As most photographers can attest to, photography lighting equipment can be hideously expensive. But don’t loose hope. There are ways to avoid breaking the bank while still improving your photos. One trend I’ve noticed is the use of gallon milk jugs or plastic bottles to create DIY diffusers, soft lights, and beauty dishes. In June of 2013, the Bureau of Labor Statistics in the USA slapped the average price tag on a gallon of milk as $3.43, so that’s a whole lot cheaper than most brand name photography accessories out there. But these hacks should prove to be a very inexpensive and fresh ideas on how to approach making your photographs.
Below are four good examples of using the humble milk bottle to transform your photography.
The nearly white, semi-opaque material of milk bottles make them perfect for diffusing harsh flash light. By creating a strip of milk bottle plastic which widens in the middle (like the shape of a wrist watch) you can easily latch on a DIY diffuser to your mounted camera flash. Diffusers ensure you don’t wash out (or burn) subjects, especially at parties where there is a variety of lighting conditions.
This is not only an awesome photography hack to perfect a subtle glow, it’s also a pretty good camping and life hack too. It’s pretty self-explanatory, you wrap a head lamp around a milk jug filled with water. You could probably use milk too, but it would be duller and less like staring into a heavenly extraterrestrial star shower. A subtle glow can also be achieved by using a monitor screen to provide a slab of lighting, I’ve seen folks choose a color in photoshop, open up their laptop and presto, instant lighting source.
The ring flash was invented by Lester Dine in 1952 as a tool for taking super close-up (and gross) photos of the inside of peoples’ mouths. If you’re into taking photos of things very close to the camera, then you’ll know the value of a good ring flash, and a beauty dish when lighting your portrait subjects. While technically, this hack isn’t a ring flash, as there isn’t a continuous circular source of light coming from the area around the lens, you can fake your way (partially) into getting a better macro shot by bouncing light off the surface around your lens. When you’re working on a small scale, even the slightest shadows are picked up, and this hack can help smooth them out.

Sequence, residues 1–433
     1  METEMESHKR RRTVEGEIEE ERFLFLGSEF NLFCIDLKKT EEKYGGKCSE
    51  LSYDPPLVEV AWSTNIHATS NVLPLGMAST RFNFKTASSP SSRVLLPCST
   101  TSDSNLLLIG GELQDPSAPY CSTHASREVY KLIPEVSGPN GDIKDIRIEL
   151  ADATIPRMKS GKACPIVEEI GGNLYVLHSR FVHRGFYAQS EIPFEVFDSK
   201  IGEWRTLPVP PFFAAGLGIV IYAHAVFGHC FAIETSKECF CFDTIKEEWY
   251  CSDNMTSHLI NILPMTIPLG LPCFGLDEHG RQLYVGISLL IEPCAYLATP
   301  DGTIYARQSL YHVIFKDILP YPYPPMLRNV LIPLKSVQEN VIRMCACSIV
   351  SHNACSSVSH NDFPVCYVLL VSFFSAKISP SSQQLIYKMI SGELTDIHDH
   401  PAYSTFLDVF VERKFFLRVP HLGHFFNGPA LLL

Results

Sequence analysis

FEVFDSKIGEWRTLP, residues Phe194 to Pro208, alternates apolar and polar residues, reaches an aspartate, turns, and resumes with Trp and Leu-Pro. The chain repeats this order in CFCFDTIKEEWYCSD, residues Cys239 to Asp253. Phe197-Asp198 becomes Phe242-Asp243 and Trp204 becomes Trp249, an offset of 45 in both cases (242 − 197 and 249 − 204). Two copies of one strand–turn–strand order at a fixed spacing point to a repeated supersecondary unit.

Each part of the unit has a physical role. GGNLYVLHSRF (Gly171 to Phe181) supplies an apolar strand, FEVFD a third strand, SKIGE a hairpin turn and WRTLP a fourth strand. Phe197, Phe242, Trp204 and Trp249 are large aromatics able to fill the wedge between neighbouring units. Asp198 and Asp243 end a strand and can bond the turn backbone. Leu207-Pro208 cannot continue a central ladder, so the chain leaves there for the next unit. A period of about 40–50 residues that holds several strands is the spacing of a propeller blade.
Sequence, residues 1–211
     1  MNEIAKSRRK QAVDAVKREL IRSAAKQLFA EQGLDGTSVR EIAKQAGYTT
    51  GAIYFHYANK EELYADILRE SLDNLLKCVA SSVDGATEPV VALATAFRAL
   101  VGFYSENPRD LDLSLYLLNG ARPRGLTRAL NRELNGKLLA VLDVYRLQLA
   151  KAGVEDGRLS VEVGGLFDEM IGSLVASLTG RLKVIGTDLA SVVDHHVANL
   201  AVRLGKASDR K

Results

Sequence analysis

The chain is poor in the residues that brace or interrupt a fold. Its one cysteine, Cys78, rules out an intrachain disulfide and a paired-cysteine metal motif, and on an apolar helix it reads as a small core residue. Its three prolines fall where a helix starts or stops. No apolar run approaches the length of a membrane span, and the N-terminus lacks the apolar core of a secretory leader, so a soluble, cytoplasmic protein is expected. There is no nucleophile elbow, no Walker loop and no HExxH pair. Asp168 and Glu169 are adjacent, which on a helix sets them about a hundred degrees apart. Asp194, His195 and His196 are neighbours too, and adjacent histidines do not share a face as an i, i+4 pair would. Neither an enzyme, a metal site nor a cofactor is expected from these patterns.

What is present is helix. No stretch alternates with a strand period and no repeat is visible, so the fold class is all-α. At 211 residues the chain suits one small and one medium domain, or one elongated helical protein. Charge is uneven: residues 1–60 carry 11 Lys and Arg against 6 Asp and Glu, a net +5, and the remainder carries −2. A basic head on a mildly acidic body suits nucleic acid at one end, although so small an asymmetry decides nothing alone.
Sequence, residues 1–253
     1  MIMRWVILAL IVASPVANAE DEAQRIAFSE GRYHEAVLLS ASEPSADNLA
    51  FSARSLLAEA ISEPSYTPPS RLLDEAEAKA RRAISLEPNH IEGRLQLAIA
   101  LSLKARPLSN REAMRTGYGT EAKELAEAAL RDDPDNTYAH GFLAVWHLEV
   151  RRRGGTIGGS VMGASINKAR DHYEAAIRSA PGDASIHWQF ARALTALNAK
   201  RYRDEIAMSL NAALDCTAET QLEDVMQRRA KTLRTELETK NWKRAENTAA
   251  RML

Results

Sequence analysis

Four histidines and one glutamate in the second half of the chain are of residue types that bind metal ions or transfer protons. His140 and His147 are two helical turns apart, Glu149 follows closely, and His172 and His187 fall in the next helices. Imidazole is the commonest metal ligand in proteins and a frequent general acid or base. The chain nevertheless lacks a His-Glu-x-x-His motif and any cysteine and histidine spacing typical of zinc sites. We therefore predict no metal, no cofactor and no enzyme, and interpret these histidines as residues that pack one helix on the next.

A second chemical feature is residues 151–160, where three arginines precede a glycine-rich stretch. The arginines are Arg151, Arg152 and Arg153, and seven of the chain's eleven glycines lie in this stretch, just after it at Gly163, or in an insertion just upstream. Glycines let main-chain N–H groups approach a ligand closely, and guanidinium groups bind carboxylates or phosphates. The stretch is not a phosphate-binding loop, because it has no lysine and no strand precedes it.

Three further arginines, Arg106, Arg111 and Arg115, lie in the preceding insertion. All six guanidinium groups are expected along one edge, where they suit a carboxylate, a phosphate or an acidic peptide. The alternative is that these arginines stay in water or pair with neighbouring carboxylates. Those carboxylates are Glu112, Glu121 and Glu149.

You can easily turn this into a beauty dish by expanding the size of the gallon plastic around the lens so there’s a wide scope of plastic to balance out and diffuse the light over your subject. You can also use disposable roasting and baking trays made of tin foil for this, it also works wonderfully.
If you’re in the lucky position of having your own external flash that you can dismount and poke around in your friends faces, then making a diffuser is a must. They’re great as they can be slipped on and off and can move with your (hopefully) adjustable flash head for angled lighting. This is a simple small box that can be cut out of the milk gallon plastic and super glued together.
For more on this, check out our post on using free paint sample cards as diffusers.
Have you tried any milk bottle hacks or other photography lighting hacks? Share yours in the comments below.
[Header image: “Hot Tub Cookie” by Teo Zirinis]